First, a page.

The Obama administration is suggesting a revamp of the rules under which wildlife species in trouble receive protection under the Endangered Species Act, and that has some environmentalists seeing red.
Under current rules, interested citizens and conservation groups can petition the federal government to grant a species protection under the act. That petition sets in motion a process by which federal agencies must consider and rule on the petition, either listing the species as Threatened or Endangered, or deciding the species doesn't need the protection that listing would bring.
The new proposed rules, announced last week, would add several time-consuming steps to the process, including a requirement that citizens petitioning the government to list a species consult with wildlife agencies in every state where the species is found. State governments have often been stalwartly opposed to new federal listings of species such as the sage grouse, and conservation groups are charging that the new rules would essentially end new listings for controversial species.
The new policy would also require that petitioners limit their petitions to one species at a time. At present, petitions are allowed for multiple species at a time.
In making the announcement, USFWS said that the increased paperwork and agency consultation requirements proposed for citizen petitions would "improve the effectiveness of the [Endangered Species] Act."
"This boneheaded new policy is the exact opposite of what's needed to ensure that plants and animals get timely protection under the Endangered Species Act," said Noah Greenwald of the Center for Biological Diversity. "There has been a backlog of hundreds of species needing protection for decades, yet the Obama administration is placing additional burdens on the process for identifying species in need."
Under the current process, the agency being petitioned -- the U.S. Fish and Wildlife Service for terrestrial species and most freshwater fish, and the National Marine Fisheries Service for oceanic species and anadromous fish -- must rule on a petition within two years of receiving it.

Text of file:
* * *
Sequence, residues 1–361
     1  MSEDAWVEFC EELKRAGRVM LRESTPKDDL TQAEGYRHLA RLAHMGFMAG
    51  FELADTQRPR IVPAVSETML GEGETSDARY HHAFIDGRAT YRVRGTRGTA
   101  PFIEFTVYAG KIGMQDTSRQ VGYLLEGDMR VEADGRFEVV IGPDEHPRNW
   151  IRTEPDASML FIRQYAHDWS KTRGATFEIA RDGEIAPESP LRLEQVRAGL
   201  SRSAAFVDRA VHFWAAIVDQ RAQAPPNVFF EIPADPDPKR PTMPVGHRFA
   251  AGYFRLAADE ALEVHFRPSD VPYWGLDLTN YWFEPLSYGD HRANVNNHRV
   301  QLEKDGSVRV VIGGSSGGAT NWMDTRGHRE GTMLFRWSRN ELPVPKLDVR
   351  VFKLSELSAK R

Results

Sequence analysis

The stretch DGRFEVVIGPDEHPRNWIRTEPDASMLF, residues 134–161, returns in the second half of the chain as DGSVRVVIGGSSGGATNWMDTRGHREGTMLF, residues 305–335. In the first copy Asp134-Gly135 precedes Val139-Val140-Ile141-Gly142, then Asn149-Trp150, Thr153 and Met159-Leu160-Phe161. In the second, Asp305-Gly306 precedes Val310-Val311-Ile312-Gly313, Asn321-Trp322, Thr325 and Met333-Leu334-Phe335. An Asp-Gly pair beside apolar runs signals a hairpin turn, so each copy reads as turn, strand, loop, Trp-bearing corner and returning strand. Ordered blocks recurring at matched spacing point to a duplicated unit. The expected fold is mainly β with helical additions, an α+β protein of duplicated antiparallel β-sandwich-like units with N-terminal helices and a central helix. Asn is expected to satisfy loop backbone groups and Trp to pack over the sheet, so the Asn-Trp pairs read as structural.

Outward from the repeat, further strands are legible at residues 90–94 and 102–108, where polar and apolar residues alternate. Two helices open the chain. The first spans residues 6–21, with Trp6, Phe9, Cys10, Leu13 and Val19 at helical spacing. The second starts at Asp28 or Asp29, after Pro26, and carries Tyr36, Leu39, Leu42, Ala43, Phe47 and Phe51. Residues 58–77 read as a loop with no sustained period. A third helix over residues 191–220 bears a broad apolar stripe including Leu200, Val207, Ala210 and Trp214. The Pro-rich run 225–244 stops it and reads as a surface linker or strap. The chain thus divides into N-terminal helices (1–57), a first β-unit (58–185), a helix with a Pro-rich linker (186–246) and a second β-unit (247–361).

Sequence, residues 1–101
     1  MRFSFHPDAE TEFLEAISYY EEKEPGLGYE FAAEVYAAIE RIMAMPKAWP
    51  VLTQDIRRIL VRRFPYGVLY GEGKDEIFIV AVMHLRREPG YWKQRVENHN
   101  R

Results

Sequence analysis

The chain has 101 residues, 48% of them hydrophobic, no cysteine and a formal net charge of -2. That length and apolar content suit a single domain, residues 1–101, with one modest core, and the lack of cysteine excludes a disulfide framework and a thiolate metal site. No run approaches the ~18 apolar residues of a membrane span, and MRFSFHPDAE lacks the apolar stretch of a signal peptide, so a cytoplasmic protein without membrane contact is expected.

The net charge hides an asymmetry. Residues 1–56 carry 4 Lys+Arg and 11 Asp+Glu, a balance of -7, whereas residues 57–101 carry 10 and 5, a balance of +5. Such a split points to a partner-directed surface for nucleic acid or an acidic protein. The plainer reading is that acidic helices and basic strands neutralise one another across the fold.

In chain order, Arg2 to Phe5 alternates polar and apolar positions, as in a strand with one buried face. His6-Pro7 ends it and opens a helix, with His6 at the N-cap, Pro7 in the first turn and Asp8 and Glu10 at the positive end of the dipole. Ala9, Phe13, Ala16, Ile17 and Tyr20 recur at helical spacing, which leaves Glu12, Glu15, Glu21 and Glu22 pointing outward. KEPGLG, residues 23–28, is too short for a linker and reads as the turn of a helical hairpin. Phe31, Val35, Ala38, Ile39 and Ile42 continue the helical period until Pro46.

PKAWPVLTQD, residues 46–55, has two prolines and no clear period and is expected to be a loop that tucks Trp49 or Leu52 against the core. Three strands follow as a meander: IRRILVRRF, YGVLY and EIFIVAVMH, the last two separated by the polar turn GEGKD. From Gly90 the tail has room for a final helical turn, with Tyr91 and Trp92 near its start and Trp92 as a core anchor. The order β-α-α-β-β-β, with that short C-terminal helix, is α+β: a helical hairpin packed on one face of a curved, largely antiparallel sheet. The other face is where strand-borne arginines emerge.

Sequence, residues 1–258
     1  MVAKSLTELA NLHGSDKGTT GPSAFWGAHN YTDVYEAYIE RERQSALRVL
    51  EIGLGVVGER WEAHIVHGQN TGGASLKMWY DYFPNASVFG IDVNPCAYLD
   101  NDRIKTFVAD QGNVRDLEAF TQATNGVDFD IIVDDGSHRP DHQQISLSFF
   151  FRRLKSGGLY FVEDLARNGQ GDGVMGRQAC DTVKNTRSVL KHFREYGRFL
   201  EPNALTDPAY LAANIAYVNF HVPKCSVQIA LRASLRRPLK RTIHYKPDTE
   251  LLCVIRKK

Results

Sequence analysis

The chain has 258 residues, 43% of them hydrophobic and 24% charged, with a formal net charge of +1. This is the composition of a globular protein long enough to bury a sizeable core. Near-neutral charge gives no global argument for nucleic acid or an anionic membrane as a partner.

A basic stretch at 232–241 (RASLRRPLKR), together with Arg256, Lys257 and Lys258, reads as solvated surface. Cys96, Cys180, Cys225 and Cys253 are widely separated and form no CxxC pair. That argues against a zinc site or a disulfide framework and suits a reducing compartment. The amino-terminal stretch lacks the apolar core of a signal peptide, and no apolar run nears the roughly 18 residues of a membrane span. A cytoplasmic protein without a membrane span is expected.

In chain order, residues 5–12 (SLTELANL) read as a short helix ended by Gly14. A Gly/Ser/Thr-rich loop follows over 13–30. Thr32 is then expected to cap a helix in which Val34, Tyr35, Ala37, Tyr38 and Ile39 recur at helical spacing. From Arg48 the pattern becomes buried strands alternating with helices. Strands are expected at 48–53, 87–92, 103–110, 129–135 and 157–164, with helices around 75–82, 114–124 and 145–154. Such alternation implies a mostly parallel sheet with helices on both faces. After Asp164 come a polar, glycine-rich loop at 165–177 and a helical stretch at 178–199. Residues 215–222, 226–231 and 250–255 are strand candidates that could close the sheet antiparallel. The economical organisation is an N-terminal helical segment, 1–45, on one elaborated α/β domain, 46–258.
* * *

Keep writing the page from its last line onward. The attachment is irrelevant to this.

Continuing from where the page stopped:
The proposed new state agency consultation rule would apply only to petitions to USFWS, and then only for petitions to list species. Petitions to downlist species from Endangered to Threatened, or to remove species from protection under the Endangered Species Act altogether, would not require state consultation. That despite the fact that the stated reason for mandatory state consultation -- to acquire the "best available science" from agencies that in many cases are responsible for implementing protection of listed species -- would apply just as much to petitions to delist species.
Under the new rules, petitioners would be required to provide state wildlife agencies with a copy of their petition thirty days in advance of filing it with USFWS, and to include any responses from the state agencies received within those 30 days in the petition. In some cases, where a species is restricted in range to one or two states, that may not be much of a burden, but in cases where the species occurs in most of the United States, that requirement could become onerous indeed. The recent petition to list monarch butterflies as an Endangered species would have required consulting with wildlife agencies in every state but Alaska.
Members of the public now have until mid-July to comment on the proposed rule changes. Other new rules likely to be proposed by the Obama administration this year include increasing public access to information about the location of potential listed species -- a possible boon to poachers -- and moves to replace legal protection under the act in certain circumstances with voluntary measures.
"Endangered species management under the Obama administration unfortunately looks a lot like it did under the Bush administration," said Greenwald. "With a growing human footprint, use of ever more dangerous pesticides and other pollutants and climate change, endangered species need more funding and stronger protections -- not policies that cater to the unfounded concerns of state agencies and industries opposed to endangered species protections in the first place."